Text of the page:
Obama Has Already Won

12/02/2008 05:12 am 05:12:01 | Updated May 25, 2011

This is the countdown to the most important election in our lifetime. Although I'm hoping for a huge Obama landslide, no matter the outcome on Tuesday, he has already won by mobilizing the most important resource we have...our youth. Millions of young people are working together in a grass roots effort to elect Barack. Millions more across the globe have internalized him as a role model for authentic leadership. And all this at a time when just about everything... from the economy to the ecosystem... lies in tatters.
Earlier this week I was hunched over my computer, cordless phone on speaker mode, earnestly following the directions of a young guy named Will who was troubleshooting the LAN connection to our printer. The requisite software download was silently snaking its way into my hard-drive. As it completed its journey through cyberspace, Will and I had a moment of companionable downtime.
"I voted early last Monday," I offered, "have you voted yet?" Yes, I know. You think I'm a busybody. Well, ordinarily I'm anything but. Polite, circumspect, always appropriate. That's me. But I'm not the only person whose ordinarily taciturn self has become politically chatty. There is a new kind of intimacy emerging in this election, even among relative strangers. This is a new phenomenon, a social networking explosion that has quite literally changed the spin on things.
"Yes, ma'am, I voted." Will sounded so excited that I instantly forgave him for calling me ma'am, which makes me feel as old as dirt.
"I voted for Obama," I continued confidently, sensing an unspoken solidarity with my invisible young techno-helper. If I turned out to be wrong about his political persuasion, well, no big deal. Our relationship was destined to be a short one in any case. He wasn't, for instance, a relative I'd be eating turkey with in a few weeks.
"I voted for Obama, too," he replied. I could almost hear the smile in his voice. The pride and hope that emanated from him was contagious. I felt intensely, powerfully proud to be an American. Not because of our history, for better and often for worse, but for who we might become in this pivotal time. For what we might accomplish when we sober up from our collective greed-fest and find the willingness to do the work and make the sacrifices necessary to get back on track.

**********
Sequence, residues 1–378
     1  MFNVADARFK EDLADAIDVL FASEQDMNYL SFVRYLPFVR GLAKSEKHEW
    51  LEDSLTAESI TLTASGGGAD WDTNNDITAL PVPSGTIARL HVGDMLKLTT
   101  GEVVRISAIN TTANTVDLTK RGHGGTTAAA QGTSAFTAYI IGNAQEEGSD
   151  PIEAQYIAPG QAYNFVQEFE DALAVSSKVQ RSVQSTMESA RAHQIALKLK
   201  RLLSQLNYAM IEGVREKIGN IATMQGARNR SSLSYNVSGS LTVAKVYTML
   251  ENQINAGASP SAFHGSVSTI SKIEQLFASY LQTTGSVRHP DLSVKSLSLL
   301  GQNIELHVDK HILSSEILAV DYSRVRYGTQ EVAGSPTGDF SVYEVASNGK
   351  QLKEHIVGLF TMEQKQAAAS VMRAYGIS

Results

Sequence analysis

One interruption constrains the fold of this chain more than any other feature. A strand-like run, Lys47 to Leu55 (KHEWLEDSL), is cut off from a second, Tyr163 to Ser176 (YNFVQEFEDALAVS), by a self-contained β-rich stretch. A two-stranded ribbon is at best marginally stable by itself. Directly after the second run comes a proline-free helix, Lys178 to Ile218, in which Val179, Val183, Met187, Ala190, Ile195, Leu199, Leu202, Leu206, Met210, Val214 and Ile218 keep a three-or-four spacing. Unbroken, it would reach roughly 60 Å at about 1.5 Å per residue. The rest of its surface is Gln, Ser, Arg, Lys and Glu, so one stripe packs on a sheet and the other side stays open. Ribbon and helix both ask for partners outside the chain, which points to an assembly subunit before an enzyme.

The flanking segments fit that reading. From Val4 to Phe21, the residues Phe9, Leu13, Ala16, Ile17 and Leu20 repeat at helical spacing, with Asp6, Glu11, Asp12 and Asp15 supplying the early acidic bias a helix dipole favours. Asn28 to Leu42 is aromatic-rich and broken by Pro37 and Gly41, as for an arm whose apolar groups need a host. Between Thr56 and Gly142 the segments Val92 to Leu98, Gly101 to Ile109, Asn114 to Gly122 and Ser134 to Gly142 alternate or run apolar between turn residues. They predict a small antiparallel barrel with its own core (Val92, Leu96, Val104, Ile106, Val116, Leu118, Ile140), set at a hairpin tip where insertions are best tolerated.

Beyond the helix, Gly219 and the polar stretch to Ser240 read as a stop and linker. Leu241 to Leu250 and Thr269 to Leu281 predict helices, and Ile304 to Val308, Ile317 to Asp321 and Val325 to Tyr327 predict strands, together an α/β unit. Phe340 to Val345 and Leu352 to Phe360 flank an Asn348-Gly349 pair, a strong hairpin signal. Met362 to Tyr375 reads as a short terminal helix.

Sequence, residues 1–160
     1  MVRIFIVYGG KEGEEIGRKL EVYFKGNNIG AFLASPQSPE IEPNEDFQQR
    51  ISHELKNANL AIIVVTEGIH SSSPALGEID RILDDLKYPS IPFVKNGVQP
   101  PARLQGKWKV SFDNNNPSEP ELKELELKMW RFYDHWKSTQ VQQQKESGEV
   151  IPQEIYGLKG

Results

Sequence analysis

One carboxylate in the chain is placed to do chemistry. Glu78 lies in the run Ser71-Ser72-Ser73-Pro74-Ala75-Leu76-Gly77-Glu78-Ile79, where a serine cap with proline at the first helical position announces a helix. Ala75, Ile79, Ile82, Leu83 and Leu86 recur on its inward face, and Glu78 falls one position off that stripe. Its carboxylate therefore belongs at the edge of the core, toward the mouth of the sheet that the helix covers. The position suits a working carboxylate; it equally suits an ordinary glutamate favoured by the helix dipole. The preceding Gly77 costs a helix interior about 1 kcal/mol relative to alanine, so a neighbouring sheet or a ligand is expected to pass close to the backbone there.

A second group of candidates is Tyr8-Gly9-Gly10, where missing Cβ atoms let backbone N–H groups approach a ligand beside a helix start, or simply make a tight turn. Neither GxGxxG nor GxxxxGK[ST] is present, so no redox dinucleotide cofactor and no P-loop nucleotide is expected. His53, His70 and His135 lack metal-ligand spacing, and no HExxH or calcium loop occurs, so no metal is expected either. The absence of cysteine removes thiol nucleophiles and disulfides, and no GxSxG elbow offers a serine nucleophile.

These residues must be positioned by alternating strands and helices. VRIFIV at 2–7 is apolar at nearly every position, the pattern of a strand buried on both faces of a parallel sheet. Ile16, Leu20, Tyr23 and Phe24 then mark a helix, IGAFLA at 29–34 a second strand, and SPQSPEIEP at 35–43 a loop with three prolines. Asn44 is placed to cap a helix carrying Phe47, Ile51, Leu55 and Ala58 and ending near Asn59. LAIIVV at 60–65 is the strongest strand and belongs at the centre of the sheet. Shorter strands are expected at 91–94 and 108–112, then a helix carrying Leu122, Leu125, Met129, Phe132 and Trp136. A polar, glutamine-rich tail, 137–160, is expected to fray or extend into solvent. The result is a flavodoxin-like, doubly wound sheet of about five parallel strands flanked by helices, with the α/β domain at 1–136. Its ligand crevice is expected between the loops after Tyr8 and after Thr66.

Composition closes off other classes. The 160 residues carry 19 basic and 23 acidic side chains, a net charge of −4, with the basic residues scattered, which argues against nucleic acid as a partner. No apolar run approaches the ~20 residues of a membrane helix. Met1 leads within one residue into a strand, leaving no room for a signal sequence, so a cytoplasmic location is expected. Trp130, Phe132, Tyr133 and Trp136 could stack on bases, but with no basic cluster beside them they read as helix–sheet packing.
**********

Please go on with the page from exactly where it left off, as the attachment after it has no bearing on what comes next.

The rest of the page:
"I actually cried when I filled in the box next to his name," I admitted sheepishly.
"I know what you mean. This was my first election and I am so psyched. I'm spending the whole weekend canvassing for Obama. We've gotta do this. We've gotta win this. We can win this," he finished.
There was a short silence. I, never a flag waver, actually needed to compose myself. My normally jaded, Grinch-like political heart was growing so fast that it barely fit inside my chest.
"Yes we can," I tried to stay bright while fantasies of Diebold machines converting Democratic votes into Republican victory rose before my eyes. Like the majority of Boulder early voters I'd chosen a paper ballot to be safe.
Outside the polling place I met a young woman with a lot of energy and even more piercings. We'd both just finished casting our ballots and were hanging out in the hallway waiting for our respective guys to emerge. Of course, we talked. It was "Casey's" first presidential election. She was holding her "I voted" sticker tenderly and wishing that she had a page of them.
"Are most of your friends voting?" I asked.
She fixed me with a serious gaze. "All my friends are voting," she smiled. It is a privilege to vote."
I knew better than to ask who she'd just voted for at a polling place (even in this wild political climate I have some social comportment), but I wasn't surprised when I saw her drive away in a car sporting an Obama/Biden sticker. Yes We Can is a great slogan. But it's even greater to realize, on the weekend before the election, that in a very real way, we already have. The future is in good hands like Will's and Casey's. They care. They are involved. And that is something to make a Grinch like me proud to be an American.